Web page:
A long-tail keyword is a series of words that is not just a single word or two. It is often a phrase (not more than five or six words).  In fact, I would define long-tail as a phrase that is three plus words in length that your audience is likely to search for when they are looking for specific content around a specific topic.  Long-tail keywords will not always have a lot of search activity around them, but part of the reason for that is that is because they are so specific in nature.

Long Tail Proves that Content is Still King

Originally posted in March 2007.  Note some links/articles referenced may no longer be available.

A few weeks ago Jason Lee Miller over at WebProNews wrote a great piece on writing content for the Long Tail effect entitled “Grabbing That Long Tail With Great Content”. This is a pretty good read as it illustrates some key points for those trying to write and add content to their sites. Adding content to your site, providing the content is useful and somewhat unique, is never a bad thing.

Miller’s post included some key points from Jennifer Slegg of JenSense.com who provided a useful guide for creating quality content that will help the maximizing on the enduring long tail of search, which in turn, can produce more traffic in the long run. Some of the key points include:

Unique Content

1. Takes care of duplicate content concerns
2. Creates exclusivity at your website
3. Is a source of organic (free) search engine traffic

But Free Content…

1. Often comes from free article databases and is published in thousands of other places
2. Often has required author links linking to low quality, or very spammy sites
3. Often have ulterior motives to sell products, services, or ebooks

Other key takeaways mentioned include asking questions such as:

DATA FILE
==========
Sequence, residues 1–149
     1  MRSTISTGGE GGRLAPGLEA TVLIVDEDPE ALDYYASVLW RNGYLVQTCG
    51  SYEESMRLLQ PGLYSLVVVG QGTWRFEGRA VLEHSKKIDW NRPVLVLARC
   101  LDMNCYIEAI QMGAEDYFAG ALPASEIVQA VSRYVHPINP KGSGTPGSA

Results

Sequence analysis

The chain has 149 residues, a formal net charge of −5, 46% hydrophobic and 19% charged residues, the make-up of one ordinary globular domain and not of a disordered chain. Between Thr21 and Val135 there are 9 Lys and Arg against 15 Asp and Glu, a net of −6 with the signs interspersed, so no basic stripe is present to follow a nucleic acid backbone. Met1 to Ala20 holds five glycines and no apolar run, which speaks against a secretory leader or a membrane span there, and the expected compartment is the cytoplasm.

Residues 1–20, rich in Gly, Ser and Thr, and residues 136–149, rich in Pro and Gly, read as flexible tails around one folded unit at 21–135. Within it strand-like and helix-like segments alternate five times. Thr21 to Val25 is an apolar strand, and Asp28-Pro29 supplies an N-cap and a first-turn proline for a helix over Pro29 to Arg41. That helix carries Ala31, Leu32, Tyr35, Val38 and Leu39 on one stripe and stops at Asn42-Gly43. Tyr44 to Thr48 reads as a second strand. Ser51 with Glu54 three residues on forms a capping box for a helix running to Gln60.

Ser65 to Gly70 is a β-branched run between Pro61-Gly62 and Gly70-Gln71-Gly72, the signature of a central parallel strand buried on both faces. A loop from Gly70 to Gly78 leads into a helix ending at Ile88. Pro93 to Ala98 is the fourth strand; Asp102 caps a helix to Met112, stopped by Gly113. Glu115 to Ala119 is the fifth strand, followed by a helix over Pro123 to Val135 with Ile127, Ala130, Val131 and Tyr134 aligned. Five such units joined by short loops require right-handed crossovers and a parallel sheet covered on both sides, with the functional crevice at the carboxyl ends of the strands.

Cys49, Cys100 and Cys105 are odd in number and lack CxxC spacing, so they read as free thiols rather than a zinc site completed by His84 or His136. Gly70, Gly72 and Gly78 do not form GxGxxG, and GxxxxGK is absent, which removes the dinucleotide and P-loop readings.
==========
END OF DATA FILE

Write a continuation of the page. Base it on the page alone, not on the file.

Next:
What search terms lead visitors to my site?
Referring keywords highlight words that may not be specifically targeted on your site. “If ‘dialing from UK to Canada’ is a referral,” but was only mentioned briefly, write a new article focusing on that specifically. Link to original article.

What are your visitors asking?
Write articles based on the most common questions asked via email or phone support.

The key here is the first question “What search terms lead visitors to my site?” I cannot emphasize how important this fact is. Do not assume that your target market use the same terminology as you. Chances are they may use an entirely different lingo. Depending on the Geo location of your target market they may use entirely different terminology… car insurance vs. auto insurance?

Content development is not always easy, but it will always be important, and not just important from a search engine’s point of view but from your user’s point of view as well.

Read all of Jason’s piece on “Grabbing That Long Tail With Great Content”. It provides a great indication that Long Tail proves that Content is Still King.

Retro Post: Long Tail Proves that Content is Still King
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